I tend to favour the idea that it's a feature of the star itself rather than separate objects obscuring it from our observatories. Perhaps we're witnessing something akin to a guttering candle? The precursors to the precursors of instability. It's fascinating to see the narrative unfold whatever the conclusion may be.



a reply to: Thecakeisalie



Just because it's irregular doesn't mean it's alien in nature. It could be a gas giants with many moons like Jupiter or Saturn, both have over 50 and it could be an asteroid belt, or possibly it's something that passed in the field of vision like a rogue planet.


The thread title is from the source article linked in the OP. It's an intriguing possibility for us humble lay people and not a real consideration amongst the astronomers investigating it.

I've read most of the papers about it and they've done their due diligence quite thoroughly. For every idea, there's a paper rebutting it or, at least, highlighting the shortfalls. It's really been quite a saga and the ingenuity has made me smile a lot. They've looked under every metaphorical rock to back up or disprove hypotheses.



posted on May, 20 2017 @ 03:04 PM
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originally posted by: swanne
a reply to: Kandinsky

Hm. I still dnt think it's alien just because it doesn't fit our models.


True. Granted, the cause of this star's behavior could still be "Alien Megastructure", but as you noted, just because we don't currently have a natural (non-alien megastructure/alien spacecraft) explanation, that does not mean such a natural explanation does not exist.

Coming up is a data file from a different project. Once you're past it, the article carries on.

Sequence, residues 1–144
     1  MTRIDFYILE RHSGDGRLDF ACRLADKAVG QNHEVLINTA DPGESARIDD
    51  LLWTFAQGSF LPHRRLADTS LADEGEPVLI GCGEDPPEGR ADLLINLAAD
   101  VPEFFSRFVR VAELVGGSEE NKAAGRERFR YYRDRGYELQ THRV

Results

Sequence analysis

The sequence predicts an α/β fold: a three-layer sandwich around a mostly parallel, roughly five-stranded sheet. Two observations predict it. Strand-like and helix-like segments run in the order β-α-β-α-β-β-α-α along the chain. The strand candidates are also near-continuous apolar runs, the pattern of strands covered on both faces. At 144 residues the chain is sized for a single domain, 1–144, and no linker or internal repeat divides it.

There have been people on ATS saying that since science has no natural explanation, then that means it is LIKLEY an alien megastructure. However, many of those same people would be the first to eagerly point out on other threads that "science doesn't know everything" when science is used to explain some other apparently weird phenomenon.

Until hard evidence could be found that confirms the idea that KIC 8462852/Boyajian's Star dims die to an alien megastructure, it is still very plausible that the dimming has a natural cause that is yet to be understood by science -- because science does not know everything.


edit on 20/5/2017 by Soylent Green Is People because: (no reason given)



posted on May, 20 2017 @ 03:23 PM
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a reply to: eriktheawful

Periodicity is the sticking point. The dimming isn't consistent by degree or by frequency which is one reason why it's become so intriguing.

It's delicious



posted on May, 20 2017 @ 03:26 PM
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a reply to: swanne

Where the heck do you get all your information? A whole bunch of stars acting the same? News to me. Last time it was determined to be a comet swarm? News to me. I thought they had no idea but that was ONE theory. Damn, you sure seem to know it all about this matter when no one else on the entire planet seems to know a damn thing for certain.
edit on 20-5-2017 by Rezlooper because: (no reason given)

edit on 20-5-2017 by Rezlooper because: (no reason given)